By Olivia Anderson | firstname.lastname@example.org
Alexandria school zones are about to become safer – and under more surveillance.
In an effort to bolster traffic safety in the city, the Alexandria Police Department will deploy five speed cameras in various school zones early next year. Each camera will be placed along a roadway and will automatically record speed limit violations, after which an officer will deny or affirm the violation and issue a citation of up to $100.
“The city has known for a long time that we keep people safe by engineering our streets in a way that encourages safe use of our streets, but also enforcement is a big piece of it,” Yon Lambert, director of the Department of Transportation and Environmental Services, said. “… It’s an important component to how people move around the city.”
Approximately $490,000 is allocated in the city’s budget toward the automated speed camera program.
The approval of the cameras follows an incident earlier this year in which a 9-year-old Alexandria child was struck by a car on the sidewalk near Jefferson-Houston PreK-8 IB School and subsequently hospitalized with serious but non-life-threatening injuries.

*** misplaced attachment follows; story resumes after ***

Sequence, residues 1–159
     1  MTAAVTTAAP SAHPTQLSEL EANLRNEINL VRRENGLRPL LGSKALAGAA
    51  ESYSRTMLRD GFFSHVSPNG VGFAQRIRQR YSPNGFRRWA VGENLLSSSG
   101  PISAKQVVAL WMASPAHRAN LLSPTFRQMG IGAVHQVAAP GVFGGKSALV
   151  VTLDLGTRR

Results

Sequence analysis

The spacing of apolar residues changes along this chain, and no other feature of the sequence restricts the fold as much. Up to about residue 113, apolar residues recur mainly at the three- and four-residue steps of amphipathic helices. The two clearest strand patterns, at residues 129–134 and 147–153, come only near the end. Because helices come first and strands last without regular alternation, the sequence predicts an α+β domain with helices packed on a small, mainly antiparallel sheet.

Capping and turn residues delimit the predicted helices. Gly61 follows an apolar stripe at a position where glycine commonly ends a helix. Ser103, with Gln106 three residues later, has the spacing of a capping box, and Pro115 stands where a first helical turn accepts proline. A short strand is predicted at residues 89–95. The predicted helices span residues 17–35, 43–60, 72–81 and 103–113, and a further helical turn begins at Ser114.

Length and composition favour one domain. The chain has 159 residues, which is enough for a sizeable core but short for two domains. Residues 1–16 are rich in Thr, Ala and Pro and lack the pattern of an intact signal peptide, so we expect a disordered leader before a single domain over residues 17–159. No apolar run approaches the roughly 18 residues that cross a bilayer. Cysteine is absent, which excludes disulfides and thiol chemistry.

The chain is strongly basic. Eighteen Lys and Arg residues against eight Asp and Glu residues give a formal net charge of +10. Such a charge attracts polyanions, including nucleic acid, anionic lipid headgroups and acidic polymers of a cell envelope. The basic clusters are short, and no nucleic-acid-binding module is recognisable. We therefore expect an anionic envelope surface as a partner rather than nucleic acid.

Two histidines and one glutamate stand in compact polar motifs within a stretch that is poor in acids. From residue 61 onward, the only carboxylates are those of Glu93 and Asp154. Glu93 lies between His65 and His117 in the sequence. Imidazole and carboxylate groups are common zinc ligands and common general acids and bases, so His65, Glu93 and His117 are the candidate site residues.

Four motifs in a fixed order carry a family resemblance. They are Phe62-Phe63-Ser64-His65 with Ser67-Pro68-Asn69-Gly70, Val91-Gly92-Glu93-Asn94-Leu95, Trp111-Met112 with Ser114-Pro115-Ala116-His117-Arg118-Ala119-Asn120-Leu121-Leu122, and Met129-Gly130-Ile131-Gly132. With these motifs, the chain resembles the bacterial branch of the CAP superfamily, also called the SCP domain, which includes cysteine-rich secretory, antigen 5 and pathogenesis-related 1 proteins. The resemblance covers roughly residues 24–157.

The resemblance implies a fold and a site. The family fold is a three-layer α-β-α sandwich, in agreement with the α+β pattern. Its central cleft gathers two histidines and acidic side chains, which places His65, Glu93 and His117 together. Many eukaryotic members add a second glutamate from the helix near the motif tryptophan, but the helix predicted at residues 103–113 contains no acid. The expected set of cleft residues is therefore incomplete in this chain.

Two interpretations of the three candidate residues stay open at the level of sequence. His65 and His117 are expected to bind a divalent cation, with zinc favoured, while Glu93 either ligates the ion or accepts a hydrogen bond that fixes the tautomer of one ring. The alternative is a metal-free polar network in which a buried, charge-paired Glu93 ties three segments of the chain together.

Before that, in 2020, the Commonwealth of Virginia passed a law that allows localities to install speed cameras in school and work zones. In 2021, APD then implemented a pilot program on North Beauregard Street to examine whether automated speed cameras would be viable in the city. The study revealed that 65% of vehicles drove above the posted 35-miles-per-hour speed limit. The highest recorded speed was 69 miles per hour.